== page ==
The 2008 Eurobarometer survey indicates climate change has become a key issue for European citizens, and highlights the need for better information and greater action at national and EU level
The September 2008 edition of the Eurobarometer highlights European citizens’ serious concerns regarding climate change. The survey provides an interesting insight into the minds of the general public, while also pointing out the areas that need to be addressed by both national- and EU-level institutions.
While many feel well informed of the causes, consequences and means to fight climate change, there still remains a significant proportion of people who feel poorly informed on the issue. A lack of sufficient information on the key aspects of the topic is indicated by the fact that 30% still believe CO2 emissions have only a marginal impact on the development of climate change. This figure is matched by a further 15% who do not know if such emissions have any impact.
The majority of survey participants believed the process of climate change could be stopped, and 61% said they had taken some form of action to help. The incidence of individuals taking action was far more prevalent among those sections of the population that felt well informed on the issue. Conversely, a lack of information was cited as a key factor preventing those that did not take action from doing so.
Across the general population, women and citizens with less formal education were the two social groups that felt the least informed on climate change. At the opposite end of the spectrum, white-collar workers and professionals felt better informed.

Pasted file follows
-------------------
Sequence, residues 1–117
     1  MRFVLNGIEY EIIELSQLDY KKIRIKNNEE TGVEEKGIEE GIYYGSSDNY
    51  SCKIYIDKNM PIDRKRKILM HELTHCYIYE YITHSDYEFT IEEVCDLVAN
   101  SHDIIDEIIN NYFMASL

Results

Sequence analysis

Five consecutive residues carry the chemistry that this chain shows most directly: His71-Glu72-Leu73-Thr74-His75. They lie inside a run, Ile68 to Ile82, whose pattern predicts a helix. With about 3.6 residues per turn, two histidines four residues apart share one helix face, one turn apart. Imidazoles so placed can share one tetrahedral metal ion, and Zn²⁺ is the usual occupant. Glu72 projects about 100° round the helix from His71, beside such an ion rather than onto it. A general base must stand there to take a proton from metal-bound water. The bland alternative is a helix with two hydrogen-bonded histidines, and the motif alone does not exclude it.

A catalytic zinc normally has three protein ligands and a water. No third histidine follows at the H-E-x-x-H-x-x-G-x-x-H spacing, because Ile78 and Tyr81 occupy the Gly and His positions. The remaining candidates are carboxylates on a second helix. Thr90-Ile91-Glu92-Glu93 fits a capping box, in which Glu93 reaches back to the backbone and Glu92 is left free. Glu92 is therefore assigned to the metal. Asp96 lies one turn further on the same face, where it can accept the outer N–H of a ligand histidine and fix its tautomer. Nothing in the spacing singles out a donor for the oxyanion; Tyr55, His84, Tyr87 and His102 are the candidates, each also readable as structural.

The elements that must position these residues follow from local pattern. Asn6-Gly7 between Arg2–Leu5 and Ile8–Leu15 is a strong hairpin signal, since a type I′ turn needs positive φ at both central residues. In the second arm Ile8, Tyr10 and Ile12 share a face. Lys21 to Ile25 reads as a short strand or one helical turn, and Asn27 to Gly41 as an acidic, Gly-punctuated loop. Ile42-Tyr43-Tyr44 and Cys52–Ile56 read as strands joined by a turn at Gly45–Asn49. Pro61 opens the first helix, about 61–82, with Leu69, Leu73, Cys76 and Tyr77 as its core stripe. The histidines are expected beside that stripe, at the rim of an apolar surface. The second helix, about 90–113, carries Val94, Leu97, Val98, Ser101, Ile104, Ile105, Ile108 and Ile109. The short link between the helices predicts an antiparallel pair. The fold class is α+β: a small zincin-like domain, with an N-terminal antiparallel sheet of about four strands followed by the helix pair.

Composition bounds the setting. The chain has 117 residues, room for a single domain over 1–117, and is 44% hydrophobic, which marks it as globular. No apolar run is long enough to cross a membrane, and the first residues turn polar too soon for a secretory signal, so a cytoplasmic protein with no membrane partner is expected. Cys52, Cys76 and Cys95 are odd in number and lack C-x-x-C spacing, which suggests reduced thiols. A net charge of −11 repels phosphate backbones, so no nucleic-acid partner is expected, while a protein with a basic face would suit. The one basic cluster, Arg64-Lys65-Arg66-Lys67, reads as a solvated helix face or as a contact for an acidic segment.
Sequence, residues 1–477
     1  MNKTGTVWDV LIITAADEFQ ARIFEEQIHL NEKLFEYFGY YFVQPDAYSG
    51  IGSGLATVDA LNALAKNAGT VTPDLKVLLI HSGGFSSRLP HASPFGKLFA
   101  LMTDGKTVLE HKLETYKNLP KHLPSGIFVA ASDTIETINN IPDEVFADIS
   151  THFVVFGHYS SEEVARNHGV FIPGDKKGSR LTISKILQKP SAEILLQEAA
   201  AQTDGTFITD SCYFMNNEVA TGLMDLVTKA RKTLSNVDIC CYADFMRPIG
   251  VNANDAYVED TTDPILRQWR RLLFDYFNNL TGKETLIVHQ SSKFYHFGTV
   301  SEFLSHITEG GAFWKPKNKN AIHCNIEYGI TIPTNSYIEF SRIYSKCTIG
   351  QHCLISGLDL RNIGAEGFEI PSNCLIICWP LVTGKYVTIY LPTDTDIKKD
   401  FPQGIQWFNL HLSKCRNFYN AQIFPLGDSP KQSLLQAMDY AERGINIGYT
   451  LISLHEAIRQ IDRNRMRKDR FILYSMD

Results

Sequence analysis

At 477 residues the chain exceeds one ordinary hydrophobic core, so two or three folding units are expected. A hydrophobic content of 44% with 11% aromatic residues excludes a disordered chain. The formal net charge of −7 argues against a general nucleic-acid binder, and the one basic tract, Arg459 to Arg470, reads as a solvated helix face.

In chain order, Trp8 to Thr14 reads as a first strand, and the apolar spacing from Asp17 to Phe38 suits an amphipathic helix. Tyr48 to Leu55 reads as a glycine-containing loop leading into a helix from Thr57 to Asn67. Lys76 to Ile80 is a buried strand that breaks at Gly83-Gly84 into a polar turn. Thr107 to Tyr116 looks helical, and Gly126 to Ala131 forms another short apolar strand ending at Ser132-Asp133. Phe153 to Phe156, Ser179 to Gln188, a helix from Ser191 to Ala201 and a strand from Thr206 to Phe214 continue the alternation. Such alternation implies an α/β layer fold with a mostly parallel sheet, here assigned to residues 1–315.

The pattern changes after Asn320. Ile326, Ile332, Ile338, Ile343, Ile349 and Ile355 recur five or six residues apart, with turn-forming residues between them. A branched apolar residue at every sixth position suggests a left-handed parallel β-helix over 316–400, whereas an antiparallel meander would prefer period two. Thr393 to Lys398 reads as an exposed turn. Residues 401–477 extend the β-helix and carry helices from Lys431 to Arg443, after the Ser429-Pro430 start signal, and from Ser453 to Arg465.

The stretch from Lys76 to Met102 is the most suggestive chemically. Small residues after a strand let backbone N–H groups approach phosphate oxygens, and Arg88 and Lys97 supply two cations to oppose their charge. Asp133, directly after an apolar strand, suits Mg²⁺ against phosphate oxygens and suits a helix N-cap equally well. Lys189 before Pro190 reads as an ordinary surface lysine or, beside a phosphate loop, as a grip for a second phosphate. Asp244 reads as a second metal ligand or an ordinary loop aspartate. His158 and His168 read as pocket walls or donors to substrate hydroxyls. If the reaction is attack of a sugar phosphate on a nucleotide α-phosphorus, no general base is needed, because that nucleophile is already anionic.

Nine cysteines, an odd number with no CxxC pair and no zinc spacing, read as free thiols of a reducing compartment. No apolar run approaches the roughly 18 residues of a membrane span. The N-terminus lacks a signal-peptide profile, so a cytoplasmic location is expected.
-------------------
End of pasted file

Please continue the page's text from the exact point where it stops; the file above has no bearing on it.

The study clearly indicates Europeans feel corporations and industries, individual citizens, national governments and the EU should all change their behaviour in response to the issue. The EU was the entity least often cited as not doing enough to combat climate change. One reason that was frequently given for citizens failing to adopt practices that might improve the situation was that they felt corporations, industries and governments should change their habits first.
When they did adopt actions to reduce climate changing effects, survey participants mainly adopted practices that did not need significant personal or financial investment. The most common were waste separation and reductions in energy, water and disposable item consumption. While a high proportion admitted the main reason for adopting such methods was due to resulting cost benefits, the majority felt a civic duty to protect the environment and believed in the validity of a common effort against climate change.
With regard to the EU's targeted goals of reducing emissions and increasing renewably sourced energy, both by 20%, the majority felt these figures were about right or even perhaps too modest. This indicates that the majority of the population feel that the targets are attainable. However, many also did not know what measures the EU had undertaken in relation to this issue.
Europeans’ attitudes towards climate change (Eurobarometer special report): http://ec.europa.eu/public_opinion/archives/ebs/ebs_300_full_en.pdf [3 MB]
The European Commission launched its climate-change awareness-raising campaign in 2006. The campaign challenges individuals to make small changes to their daily routine in order to achieve significant reductions of greenhouse gas emissions. It offers a wealth of practical and easy-to-do tips while aiming to give people a sense of personal responsibility and empowerment and help them contribute to the fight against climate change. The campaign also targets secondary school pupils, who will be encouraged to sign a pledge to reduce their CO2 emissions and track their efforts. The aim is to show that simple everyday actions lead collectively to significant reductions in greenhouse gas emissions.